Obviously, in 1990, the state of Iowa did not allow any other use of cannabis and that is why the Smith case was instructional for me.

In 2017, Iowa authorized the cultivation, distribution and use of cannabis for medical purposes in Iowa.  In 2018, cultivation of cannabis began in Iowa and cannabis products will soon be available for distribution this coming December.  We now have the authorized use of cannabis in Iowa, and we have a manufacturer licensed to cultivate and distribute that cannabis.

Even if Iowa law does not allow the manufacturer to distribute cannabis to the EZCC, there are states where anyone can buy cannabis legally and church members would be protected under both state laws (see 14 C.F.R. § 91.19 (2018)) and federal law for traveling in states (check each state first to make sure it’s legal in that state) and purchasing cannabis for sacramental use if there were exemptions, one in the Iowa Code and the other in the federal regulations, for the sacramental use of cannabis by the EZCC. 

The nation of Jamaica legalized the sacramental “use” of cannabis by Rastafarians for religious purposes in 2015, and also created a process for licensing cultivators and distributors to supply Rastafarians with our sacrament.

See DEA publication: Religious Exemption from the Controlled Substances Act

Facebook Commandos

Facebook
Facebook
For those of you who use Facebook, I have pity on you.  It’s not a friendly place.  Today, people calling themselves advocates for full legalization of marijuana in Iowa are complaining about two groups we have here in Iowa and the complaints are similar toward both groups.

  1. You have a group called Iowans 4 Medical Cannabis advocating for medical use, saying that it won’t lead to legalization of non-medical use.
     
  2. You have a group called Iowa Hemp Association advocating for industrial use, saying it won’t lead to legalization for non-industrial use.

This makes these so-called advocates angry, because they see medical use and industrial use as subsets of a greater whole (full legalization).  Full legalization would give the patients their medicine and save the trees at the same time.  I won’t go into what full legalization looks like, because I don’t really know what it looks like.  Alcohol is not fully legalized.  Tobacco is not fully legalized.  Alcohol and tobacco are both toxic and marijuana is not, so I can’t see them as being the same.  Even cocaine and morphine are legal under certain restrictions.  Even methamphetamine is legal under certain restrictions.  So, I think we need to come up with something unique for marijuana, since marijuana is safer than all of these things we already accept under certain restrictions.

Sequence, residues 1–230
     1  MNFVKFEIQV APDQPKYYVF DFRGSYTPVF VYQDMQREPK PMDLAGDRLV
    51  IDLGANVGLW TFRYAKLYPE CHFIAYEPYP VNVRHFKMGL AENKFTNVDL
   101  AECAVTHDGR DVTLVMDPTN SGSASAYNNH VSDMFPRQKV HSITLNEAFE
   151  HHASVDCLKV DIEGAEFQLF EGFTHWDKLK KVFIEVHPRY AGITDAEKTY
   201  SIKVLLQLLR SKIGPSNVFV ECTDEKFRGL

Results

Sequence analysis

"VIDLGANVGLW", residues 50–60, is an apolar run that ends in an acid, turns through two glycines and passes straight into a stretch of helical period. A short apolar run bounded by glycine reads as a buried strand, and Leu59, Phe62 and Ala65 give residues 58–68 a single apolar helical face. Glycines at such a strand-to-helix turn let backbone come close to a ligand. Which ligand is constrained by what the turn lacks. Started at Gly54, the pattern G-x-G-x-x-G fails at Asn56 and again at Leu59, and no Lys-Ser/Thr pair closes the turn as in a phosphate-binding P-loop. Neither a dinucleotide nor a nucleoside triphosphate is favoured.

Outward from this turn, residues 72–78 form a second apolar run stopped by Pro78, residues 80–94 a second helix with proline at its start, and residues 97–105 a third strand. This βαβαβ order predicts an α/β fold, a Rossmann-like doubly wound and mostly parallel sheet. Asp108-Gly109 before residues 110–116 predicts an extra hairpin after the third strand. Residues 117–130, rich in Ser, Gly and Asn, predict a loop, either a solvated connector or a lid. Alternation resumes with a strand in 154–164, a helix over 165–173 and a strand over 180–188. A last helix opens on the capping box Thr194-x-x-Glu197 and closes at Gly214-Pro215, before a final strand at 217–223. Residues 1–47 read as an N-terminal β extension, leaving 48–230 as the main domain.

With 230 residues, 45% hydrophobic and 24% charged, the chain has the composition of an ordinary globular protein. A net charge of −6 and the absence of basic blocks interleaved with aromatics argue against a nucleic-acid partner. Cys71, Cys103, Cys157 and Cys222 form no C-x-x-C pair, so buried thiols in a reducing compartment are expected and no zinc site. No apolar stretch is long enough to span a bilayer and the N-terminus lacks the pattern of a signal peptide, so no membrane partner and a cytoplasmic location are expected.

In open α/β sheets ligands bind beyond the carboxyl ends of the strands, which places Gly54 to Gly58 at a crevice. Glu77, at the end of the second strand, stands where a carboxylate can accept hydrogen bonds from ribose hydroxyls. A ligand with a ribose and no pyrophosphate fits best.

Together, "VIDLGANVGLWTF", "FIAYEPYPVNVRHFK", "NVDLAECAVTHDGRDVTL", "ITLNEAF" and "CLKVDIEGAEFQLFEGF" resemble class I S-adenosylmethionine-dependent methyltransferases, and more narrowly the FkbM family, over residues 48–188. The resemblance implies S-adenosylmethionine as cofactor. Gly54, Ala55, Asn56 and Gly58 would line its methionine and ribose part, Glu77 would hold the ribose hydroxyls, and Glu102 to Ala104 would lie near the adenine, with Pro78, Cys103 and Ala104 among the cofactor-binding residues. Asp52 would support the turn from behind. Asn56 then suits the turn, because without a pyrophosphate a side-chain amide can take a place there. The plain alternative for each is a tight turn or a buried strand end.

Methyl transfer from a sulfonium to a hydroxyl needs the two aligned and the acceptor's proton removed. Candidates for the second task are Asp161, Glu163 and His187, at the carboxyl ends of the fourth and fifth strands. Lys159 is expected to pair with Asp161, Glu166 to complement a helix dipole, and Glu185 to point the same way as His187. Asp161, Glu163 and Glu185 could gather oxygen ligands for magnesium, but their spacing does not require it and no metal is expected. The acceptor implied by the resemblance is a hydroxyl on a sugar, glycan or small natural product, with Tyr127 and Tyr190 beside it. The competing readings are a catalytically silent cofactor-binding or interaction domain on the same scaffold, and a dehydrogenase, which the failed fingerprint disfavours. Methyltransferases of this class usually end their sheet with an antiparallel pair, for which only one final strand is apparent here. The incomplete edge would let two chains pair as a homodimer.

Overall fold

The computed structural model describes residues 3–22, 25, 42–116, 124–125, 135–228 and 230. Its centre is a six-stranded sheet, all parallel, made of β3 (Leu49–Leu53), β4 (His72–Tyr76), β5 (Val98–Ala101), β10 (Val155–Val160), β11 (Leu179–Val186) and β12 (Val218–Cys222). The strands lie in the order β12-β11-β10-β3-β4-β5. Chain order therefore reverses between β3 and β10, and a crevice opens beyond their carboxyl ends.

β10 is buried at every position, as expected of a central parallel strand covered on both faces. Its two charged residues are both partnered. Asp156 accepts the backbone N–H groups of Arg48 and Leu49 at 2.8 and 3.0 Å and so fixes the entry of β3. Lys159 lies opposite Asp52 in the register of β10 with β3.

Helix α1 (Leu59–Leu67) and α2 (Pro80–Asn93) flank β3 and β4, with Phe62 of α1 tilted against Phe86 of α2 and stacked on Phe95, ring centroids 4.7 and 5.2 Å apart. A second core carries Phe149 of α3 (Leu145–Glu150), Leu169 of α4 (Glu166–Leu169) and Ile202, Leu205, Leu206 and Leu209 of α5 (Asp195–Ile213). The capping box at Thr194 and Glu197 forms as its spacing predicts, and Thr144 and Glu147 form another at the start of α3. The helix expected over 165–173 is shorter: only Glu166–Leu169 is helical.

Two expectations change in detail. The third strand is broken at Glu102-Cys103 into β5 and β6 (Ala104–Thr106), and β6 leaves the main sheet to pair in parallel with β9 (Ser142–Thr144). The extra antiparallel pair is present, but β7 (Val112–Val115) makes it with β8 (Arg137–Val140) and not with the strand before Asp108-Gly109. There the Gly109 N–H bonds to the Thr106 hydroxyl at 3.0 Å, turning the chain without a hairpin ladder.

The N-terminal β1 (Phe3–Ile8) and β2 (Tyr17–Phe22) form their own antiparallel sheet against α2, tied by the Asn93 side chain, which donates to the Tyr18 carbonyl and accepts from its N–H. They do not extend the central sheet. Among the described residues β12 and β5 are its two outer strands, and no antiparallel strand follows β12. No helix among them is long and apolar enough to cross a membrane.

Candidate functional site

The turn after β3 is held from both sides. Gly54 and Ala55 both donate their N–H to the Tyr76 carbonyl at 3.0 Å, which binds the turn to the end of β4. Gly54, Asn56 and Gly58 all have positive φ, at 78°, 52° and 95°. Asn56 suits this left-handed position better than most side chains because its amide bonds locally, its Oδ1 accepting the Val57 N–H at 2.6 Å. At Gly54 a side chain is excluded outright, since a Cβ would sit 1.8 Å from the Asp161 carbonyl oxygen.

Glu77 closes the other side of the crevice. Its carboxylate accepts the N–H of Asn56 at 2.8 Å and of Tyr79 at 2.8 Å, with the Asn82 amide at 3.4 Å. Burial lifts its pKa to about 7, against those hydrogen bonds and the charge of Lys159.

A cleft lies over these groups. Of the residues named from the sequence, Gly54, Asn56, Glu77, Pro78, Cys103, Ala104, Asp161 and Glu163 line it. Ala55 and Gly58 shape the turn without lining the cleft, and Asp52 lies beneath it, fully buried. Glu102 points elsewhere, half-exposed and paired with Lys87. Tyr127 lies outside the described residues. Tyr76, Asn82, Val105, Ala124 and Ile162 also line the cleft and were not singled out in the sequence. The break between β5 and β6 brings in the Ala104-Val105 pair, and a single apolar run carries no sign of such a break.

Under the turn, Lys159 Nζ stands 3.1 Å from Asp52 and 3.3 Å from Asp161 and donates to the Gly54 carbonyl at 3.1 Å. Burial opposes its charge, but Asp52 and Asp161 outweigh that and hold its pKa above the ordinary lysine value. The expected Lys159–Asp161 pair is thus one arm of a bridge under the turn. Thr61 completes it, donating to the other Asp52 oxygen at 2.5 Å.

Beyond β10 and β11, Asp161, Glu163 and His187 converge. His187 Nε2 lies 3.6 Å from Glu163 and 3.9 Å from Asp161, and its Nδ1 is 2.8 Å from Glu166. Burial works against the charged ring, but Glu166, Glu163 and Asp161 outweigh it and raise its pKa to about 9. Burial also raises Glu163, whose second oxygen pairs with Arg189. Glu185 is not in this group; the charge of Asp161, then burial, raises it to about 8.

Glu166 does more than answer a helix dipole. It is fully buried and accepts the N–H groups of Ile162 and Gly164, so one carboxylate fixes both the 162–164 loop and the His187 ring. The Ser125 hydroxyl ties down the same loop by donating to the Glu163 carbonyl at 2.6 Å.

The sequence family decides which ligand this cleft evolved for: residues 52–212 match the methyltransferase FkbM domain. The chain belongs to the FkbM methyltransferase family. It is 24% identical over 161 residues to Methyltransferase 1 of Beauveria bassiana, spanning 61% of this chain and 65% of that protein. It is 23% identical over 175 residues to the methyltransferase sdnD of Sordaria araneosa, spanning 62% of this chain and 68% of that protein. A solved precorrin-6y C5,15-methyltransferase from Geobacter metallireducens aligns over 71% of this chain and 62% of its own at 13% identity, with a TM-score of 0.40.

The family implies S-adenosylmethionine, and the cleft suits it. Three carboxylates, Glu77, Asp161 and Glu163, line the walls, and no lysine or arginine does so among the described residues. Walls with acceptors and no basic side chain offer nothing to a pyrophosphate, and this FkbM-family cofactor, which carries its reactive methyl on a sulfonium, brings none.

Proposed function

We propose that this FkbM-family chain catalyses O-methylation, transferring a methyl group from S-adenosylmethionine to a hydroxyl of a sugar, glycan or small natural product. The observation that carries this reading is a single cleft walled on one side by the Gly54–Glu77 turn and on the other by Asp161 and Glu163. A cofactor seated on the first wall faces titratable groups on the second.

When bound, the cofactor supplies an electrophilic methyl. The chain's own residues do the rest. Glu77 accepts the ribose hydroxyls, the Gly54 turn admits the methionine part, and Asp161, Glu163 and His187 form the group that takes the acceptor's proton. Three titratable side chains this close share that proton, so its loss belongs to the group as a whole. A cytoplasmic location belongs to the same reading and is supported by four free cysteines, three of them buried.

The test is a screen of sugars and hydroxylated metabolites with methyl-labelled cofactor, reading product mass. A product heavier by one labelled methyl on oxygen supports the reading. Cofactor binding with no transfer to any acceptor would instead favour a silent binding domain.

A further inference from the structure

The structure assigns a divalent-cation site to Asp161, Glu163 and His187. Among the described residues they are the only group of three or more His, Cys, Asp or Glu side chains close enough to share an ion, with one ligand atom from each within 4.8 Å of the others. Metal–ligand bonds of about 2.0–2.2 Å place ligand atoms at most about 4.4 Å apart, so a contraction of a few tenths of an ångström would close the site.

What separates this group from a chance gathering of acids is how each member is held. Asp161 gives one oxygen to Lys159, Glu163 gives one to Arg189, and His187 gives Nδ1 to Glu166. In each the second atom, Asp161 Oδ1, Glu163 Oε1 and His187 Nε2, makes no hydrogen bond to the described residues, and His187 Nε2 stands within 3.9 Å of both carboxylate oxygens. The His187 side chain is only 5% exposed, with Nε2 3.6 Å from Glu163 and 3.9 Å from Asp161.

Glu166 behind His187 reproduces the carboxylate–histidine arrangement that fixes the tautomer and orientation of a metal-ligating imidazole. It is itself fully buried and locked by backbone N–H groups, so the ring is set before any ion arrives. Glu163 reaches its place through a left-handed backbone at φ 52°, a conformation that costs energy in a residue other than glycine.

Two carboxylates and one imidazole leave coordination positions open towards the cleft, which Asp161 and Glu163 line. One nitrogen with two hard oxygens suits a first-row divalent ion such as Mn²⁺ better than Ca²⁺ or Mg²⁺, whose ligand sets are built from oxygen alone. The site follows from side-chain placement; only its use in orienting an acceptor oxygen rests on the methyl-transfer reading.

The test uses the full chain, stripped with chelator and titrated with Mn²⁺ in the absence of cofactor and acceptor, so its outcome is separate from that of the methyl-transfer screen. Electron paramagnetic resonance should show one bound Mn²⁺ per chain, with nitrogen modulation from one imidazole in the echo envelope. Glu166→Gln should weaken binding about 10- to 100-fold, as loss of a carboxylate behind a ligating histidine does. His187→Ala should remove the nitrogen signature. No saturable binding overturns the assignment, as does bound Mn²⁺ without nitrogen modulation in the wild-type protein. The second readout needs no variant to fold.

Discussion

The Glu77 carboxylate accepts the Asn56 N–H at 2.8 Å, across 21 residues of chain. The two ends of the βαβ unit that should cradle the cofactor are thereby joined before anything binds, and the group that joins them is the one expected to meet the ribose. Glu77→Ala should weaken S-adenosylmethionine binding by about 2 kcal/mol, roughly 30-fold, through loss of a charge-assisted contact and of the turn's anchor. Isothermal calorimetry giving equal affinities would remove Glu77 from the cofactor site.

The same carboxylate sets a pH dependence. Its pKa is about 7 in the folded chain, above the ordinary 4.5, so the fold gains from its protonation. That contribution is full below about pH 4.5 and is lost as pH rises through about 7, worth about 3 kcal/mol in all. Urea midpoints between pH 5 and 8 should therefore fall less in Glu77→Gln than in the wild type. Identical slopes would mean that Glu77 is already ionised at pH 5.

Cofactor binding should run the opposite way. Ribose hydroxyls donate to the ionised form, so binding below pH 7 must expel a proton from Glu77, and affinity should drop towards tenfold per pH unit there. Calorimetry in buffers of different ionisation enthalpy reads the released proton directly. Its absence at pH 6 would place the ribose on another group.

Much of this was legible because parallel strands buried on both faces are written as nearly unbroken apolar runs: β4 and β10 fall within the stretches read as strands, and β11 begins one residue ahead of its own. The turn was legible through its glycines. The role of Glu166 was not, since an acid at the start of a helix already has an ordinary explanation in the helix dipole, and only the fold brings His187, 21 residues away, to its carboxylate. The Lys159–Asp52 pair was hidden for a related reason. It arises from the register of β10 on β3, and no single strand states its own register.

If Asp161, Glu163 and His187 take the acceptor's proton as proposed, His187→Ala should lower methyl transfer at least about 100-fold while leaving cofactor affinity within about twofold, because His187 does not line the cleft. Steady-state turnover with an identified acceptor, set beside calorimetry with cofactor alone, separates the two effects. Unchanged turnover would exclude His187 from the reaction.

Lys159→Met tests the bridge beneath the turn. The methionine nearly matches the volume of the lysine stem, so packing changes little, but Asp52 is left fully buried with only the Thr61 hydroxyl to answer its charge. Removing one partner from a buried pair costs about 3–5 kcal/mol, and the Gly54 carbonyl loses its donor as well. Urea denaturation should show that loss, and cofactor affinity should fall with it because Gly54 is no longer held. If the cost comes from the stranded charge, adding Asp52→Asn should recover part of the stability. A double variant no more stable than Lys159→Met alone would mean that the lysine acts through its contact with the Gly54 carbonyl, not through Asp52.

What drives medical advocates is that they are being tortured by the pharmaceutical industry.  Medical users are being forced to use toxic chemicals instead of a safe plant.  I don’t know about you, but I can’t take what a person being tortured says as seriously as I take what a person says who has time and the ability to think clearly.  These patients are being tortured, plain and simple.  I’m not going to attack them for trying to save their lives and the lives of their loved ones.  Things are not okay in this country, and this is a manifestation of it.  Give the patients a break.  They need our help, not a bunch of cheap talk.

What drives industrial advocates is entrepreneurship.  This is a fundamental value in our society, making money.  We can’t expect capitalism to go away.  And, besides, hemp is a good product.  You can make lots of good stuff from it.  I could complain about capitalism, but it’s not going away.  The market drives capitalism, so if you’re offended, then don’t buy what’s being sold, plain and simple.